You are thinking of the successful situation, which is not likely to happen. Sure, in a “I can guarantee” world, give me the ground out that scores the run in the 8th inning of a tie game. But we don’t live in that world. We live in one where swinging at that pitch out of the strikezone is leading to a high chance of failure.

      • VaRedsFan

        I think you are a little off base her Jreis. That was a media thing about swinging outside the zone….and it was misguided. It was the TAKING of pitches IN THE ZONE in those RBI situations, that drew the ire…and it should have. I’m not talking about black painting corner strikes either.

  15. WVRedlegs

    Reds will have different uniforms tonight, not connected to the 150th anniversary uniforms. They look a bit different and take a little to get used to. They are in honor of the U.S. Army’s 244th birthday. The hats are OD green with a camo bill. The Reds logo, numbers and names on the back are black and white on the usual white uniform. Mr. Red on one sleeve is white, OD green and black. The other sleeve has the regular 150 patch, but also has an OD green strip with 5 black stars. Nice little detail there. I don’t know if that signifies a 5-star general, or better yet the Reds 5 world series championships.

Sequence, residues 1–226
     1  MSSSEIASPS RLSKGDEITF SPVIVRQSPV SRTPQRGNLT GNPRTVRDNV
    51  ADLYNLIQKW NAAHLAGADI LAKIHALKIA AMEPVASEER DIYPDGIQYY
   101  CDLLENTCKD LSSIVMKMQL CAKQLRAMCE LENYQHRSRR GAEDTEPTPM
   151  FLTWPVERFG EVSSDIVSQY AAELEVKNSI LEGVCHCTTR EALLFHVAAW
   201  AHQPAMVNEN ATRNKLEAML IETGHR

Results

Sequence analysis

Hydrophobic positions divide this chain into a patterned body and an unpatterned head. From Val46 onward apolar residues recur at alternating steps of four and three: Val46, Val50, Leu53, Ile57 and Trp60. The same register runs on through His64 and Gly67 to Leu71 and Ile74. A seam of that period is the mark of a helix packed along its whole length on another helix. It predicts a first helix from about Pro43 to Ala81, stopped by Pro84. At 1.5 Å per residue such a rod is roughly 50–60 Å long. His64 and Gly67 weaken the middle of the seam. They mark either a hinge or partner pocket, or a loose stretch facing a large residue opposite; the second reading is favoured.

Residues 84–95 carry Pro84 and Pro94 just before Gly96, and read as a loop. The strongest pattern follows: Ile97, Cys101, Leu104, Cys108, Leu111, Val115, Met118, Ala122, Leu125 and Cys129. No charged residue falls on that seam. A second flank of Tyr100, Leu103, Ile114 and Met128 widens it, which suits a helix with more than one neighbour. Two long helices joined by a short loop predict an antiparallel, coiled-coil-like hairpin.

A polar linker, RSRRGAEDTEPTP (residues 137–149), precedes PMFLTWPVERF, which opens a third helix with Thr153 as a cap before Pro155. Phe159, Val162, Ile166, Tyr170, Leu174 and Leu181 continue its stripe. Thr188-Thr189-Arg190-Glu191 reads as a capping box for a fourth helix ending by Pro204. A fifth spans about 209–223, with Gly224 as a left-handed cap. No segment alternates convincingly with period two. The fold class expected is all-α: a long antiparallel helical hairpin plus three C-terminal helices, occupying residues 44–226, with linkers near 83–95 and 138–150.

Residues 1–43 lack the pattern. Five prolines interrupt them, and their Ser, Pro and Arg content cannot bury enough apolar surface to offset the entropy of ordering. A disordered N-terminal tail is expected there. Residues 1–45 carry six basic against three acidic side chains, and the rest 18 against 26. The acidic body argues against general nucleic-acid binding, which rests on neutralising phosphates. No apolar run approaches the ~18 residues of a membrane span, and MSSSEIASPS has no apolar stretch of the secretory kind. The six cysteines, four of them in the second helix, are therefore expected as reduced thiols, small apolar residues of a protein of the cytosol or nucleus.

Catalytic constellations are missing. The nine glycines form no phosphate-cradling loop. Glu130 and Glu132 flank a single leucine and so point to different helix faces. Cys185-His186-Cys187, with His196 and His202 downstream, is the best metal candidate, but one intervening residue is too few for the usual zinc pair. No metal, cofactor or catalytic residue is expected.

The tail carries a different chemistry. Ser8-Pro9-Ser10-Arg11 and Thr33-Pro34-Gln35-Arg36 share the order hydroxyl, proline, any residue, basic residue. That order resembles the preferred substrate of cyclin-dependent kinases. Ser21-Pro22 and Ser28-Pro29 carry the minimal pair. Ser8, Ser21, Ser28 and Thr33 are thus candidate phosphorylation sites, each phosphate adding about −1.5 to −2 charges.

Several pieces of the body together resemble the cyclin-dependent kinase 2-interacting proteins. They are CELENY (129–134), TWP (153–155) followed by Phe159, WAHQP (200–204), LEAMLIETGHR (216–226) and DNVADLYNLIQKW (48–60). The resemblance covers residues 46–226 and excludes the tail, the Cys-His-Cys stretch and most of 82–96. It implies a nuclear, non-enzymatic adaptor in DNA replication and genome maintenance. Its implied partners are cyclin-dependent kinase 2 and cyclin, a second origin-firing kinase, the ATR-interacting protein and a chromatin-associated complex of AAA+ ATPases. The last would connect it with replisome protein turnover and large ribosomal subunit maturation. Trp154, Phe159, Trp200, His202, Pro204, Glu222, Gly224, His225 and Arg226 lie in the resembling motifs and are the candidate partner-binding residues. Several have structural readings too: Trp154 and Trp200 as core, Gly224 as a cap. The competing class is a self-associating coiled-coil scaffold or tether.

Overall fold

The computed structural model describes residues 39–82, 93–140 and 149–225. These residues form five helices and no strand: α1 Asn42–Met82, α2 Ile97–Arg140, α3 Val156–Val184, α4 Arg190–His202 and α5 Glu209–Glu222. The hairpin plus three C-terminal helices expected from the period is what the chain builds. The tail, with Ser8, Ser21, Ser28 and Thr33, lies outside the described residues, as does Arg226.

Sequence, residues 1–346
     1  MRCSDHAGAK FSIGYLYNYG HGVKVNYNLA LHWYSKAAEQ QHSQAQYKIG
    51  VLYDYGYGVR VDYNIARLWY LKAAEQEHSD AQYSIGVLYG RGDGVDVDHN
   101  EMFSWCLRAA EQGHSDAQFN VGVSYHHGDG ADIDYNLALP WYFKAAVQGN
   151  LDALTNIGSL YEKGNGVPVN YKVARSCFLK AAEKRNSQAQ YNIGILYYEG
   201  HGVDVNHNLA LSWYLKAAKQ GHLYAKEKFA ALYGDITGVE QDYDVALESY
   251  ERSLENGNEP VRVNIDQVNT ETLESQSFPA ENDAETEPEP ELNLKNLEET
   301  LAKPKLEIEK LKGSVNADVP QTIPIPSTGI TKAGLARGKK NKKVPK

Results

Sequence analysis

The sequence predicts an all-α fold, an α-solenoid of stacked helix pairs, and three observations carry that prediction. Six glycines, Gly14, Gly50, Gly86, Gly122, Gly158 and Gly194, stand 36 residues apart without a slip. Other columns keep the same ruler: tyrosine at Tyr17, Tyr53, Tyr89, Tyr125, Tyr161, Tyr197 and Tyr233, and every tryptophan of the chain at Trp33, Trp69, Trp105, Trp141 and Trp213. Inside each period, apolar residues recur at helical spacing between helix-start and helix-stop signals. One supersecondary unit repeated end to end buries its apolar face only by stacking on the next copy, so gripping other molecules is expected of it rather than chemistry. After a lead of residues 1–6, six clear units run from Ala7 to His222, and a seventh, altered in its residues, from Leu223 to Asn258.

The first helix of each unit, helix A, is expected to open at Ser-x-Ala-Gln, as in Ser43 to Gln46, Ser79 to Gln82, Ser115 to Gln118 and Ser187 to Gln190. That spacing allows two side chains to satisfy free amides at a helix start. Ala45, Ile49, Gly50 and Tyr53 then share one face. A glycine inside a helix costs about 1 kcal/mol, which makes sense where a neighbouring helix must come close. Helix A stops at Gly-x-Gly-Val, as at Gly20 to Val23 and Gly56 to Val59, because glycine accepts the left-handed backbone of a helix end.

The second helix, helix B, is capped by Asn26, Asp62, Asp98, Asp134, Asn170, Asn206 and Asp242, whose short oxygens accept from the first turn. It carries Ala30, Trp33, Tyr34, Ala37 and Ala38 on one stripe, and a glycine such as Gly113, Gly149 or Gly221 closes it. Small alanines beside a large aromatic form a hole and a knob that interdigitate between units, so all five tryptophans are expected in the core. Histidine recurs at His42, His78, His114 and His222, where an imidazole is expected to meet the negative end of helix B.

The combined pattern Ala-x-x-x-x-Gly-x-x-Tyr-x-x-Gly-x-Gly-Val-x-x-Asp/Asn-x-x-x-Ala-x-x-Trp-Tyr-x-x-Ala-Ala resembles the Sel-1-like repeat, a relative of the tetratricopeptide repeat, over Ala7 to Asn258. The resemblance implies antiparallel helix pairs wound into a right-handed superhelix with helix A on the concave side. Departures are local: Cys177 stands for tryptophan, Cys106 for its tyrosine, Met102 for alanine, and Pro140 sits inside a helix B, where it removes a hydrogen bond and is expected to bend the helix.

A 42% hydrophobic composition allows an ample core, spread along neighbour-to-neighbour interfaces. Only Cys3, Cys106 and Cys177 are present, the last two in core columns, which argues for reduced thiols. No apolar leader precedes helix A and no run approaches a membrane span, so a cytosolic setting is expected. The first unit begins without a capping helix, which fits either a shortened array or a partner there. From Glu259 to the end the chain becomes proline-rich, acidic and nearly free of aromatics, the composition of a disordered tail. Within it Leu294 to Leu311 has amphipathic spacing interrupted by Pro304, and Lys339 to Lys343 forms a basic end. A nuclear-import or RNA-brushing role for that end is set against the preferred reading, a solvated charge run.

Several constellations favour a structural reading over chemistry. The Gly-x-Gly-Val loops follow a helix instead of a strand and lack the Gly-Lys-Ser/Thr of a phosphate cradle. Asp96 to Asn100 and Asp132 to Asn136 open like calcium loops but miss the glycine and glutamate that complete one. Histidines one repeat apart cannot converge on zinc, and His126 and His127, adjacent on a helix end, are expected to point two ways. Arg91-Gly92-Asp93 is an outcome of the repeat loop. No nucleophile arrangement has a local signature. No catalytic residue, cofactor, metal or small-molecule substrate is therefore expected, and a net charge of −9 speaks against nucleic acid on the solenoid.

Hooah!
    Lets beat the Walker Texas Rangers. Times 3.

  16. Old-school

    IMO, Joey Votto is the best NL hitter of decade 2010-19. He’s the greatest reds hitter of All time. He’s also falling back on his power numbers. His HOF counting numbers need a boost. There’s still some old timers who like RBI’s that vote.

    Doubles 383
    HR 275
    Runs 962
    RBI 912.

    Getting 400 doubles 300 home runs 1000 runs and 1000 RBI would really help his HOF candidacy. I might bat him 4 th with Senzel/ Winker/Suarez ahead to get those RBI numbers over 1000.

    • MK

      Really don’t think padding his Hall of Fame stats is a team priority for anyone but you and his mother.

      • Old-school